A question that has occupied scientists for centuries is “Do flies taste sweet?” The answer is a resounding “yes!” The results of a recent survey show that flies have the capacity to detect sweetness. The study also shows that the fruit fly can compare the taste of sweet and bitter substances.
One possible explanation is that flies have a sugar sensor called O-GlcNAc transferase (OGT). This enzyme is responsible for the sweetness that we experience in foods. It is also implicated in the development of diseases such as heart disease, diabetes, and obesity. In the current study, researchers altered the sugar sensor in flies that were put on a high-sugar diet. The manipulated flies did not become obese and continued to taste sweet food.
The Monell Center’s findings support this theory by revealing that fruit flies have taste receptors more similar to human taste buds than mice and rodents do. The results also show that flies respond positively to most human sweeteners, including aspartame. However, some monkeys and rodents do not perceive aspartame as sweet. These findings suggest that our environment plays a vital role in shaping our taste preferences.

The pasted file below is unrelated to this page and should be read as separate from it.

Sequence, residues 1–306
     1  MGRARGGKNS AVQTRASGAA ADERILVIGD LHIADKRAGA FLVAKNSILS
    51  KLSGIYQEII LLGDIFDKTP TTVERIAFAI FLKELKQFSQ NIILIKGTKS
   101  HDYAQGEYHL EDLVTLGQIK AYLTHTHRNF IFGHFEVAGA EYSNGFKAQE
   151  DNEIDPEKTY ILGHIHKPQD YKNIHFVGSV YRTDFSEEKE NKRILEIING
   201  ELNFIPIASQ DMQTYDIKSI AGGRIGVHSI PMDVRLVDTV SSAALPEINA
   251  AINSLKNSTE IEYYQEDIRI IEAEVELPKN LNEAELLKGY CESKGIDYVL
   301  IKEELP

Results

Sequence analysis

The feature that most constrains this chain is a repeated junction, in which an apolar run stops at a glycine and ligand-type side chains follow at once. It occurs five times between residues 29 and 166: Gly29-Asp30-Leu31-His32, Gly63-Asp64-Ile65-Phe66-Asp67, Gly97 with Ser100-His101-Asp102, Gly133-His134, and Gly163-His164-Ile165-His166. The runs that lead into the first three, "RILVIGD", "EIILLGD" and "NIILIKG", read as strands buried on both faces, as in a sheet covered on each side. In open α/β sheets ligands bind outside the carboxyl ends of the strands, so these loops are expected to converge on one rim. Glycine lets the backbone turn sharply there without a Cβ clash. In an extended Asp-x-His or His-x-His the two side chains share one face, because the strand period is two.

In addition, the fruit fly has eight different sweet-tasting receptors. Although the exact function of each receptor has not been determined, researchers have determined that they all confer sensitivity to different sweet compounds. The study also revealed that each of these receptors is associated with different sets of gustatory receptor genes. The researchers found that each of these receptors had distinct combinations of taste receptors, which suggests that flies have an innate ability to distinguish between sweet and bitter compounds. This discovery could ultimately lead to the development of repellents that target insects’ sweet taste receptors.